Notebook: Aside from one bad inning, Liriano dominating this spring
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FORT MYERS, Fla. -- One bad inning.
Minnesota Twins left-hander Francisco Liriano's only real blemish this spring came in the third inning against Toronto last week when he hung an 0-2 slider to Travis Snider, leading to a four-run inning.
Those four runs -- albeit a microcosm of why Liriano frustrates the Twins -- are the only runs he has allowed in four outings (13 innings) so far this spring, including five scoreless, hitless frames against the Pittsburgh Pirates on Sunday.
Liriano struck out six, walked one and induced four groundballs out of nine balls in play.
Perhaps most telling are Liriano's peripheral numbers -- 18 strikeouts, two walks, and hitters making contact on only 74% of their swings (league average is 81%).
"Limiting walks, trying to go deeper in games, throw less pitches per batter and trying to throw first-pitch pitches for strikes," Liriano said when asked about his current checklist. "I hope they swing early like they were today. And I'm locating my fastball better than last year, too."
Pitching coach Rick Anderson is trying to get Liriano to pitch deeper into games, which means being more efficient with pitch counts. Last season Liriano averaged 17 pitches per inning, and so far this spring he is averaging 13 per inning.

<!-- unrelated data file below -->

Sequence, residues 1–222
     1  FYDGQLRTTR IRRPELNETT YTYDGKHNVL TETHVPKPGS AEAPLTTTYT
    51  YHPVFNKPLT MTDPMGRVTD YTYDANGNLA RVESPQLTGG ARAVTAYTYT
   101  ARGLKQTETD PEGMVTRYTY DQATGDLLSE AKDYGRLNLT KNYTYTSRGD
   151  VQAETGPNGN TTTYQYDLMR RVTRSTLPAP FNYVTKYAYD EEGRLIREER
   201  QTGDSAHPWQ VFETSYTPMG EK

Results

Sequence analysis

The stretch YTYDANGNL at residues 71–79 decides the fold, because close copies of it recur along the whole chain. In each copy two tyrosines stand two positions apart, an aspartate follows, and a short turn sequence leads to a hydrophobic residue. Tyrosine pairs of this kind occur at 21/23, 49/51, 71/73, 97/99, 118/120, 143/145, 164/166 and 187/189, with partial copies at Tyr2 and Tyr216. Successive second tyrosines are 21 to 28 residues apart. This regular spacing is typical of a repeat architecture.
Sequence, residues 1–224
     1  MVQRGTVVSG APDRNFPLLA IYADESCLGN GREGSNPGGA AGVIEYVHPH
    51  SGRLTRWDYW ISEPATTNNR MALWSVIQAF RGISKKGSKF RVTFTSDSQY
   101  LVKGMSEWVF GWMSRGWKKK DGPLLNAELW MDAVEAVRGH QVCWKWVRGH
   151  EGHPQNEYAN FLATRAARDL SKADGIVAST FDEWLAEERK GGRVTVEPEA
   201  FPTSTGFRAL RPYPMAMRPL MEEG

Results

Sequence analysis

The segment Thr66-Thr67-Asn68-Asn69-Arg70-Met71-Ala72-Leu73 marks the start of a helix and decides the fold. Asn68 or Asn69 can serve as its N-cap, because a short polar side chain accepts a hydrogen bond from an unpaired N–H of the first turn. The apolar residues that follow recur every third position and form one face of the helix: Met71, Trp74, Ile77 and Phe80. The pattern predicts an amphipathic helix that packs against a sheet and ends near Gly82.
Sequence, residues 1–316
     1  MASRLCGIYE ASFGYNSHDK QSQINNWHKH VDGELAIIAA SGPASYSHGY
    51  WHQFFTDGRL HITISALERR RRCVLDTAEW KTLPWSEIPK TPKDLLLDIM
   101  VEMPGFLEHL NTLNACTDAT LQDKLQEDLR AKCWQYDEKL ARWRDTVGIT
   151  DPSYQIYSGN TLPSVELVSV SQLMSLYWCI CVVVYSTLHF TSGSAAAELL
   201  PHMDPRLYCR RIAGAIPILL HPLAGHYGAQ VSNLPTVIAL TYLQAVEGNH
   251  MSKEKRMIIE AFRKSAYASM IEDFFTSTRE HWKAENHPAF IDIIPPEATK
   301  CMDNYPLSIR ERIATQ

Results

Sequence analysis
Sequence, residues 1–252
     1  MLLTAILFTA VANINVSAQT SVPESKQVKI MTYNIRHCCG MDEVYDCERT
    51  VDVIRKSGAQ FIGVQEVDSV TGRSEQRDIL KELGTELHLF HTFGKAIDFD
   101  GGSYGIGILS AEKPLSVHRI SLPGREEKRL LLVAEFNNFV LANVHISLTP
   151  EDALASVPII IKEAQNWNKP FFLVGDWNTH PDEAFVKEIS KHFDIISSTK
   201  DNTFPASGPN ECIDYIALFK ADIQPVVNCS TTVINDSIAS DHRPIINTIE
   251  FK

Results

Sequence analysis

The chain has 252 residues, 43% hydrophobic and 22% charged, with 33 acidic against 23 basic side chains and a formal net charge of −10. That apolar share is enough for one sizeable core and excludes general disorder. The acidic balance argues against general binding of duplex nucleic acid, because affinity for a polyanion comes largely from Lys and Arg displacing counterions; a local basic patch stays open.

These March results all stem from small sample sizes, but perhaps they are steps in the right direction.
"When you see balls taking off and him flying (open), he's out of control," Anderson said. "But all of the sudden you saw him get back into the zone. I think Joe (Mauer) does a good job of keeping him slowed down, because you see some more changeups. The changeup slows him down. ... To me the key with Frankie, what he said after he came out -- when he punched out (Neil) Walker and made a lot of great pitches in the fifth inning -- he said, 'I just tried to be easy.' But that was the key. Don't try to do too much. It's plenty good enough. And that's the step we're hoping that he kicks in."
The Twins want Liriano to work primarily off his fastball -- which was clocked mostly around 92 mph on Sunday, while at times revving to 94 -- and changeup. Anderson wants Liriano to scale back on sliders and use them as out pitches.
"When he was in trouble a lot last year, it was slider (for a ) ball, slider, slider," Anderson said. "Then all of the sudden it's 3-2, and they're sitting slider. If you can make that as an out pitch, it's much more effective. ... But if you see it all the time it's not going to be that effective. ...
"Do you want to strike out 10 guys in six innings and walk five and pitch six innings every night? Or do you want to pitch eight, nine innings? That's the key. He grew up, came up wanting to be a strikeout guy. And until he realizes it's all about pitching -- a couple easy, quick outs isn't too bad. It's a lot easier on your arm. So that's the stuff we've been talking about the last few years. There's nothing wrong with throwing a first-pitch changeup and getting a rollover, and a next pitch fastball and getting a pop-out. Six pitches, you've got an inning in instead of 20 (pitches)."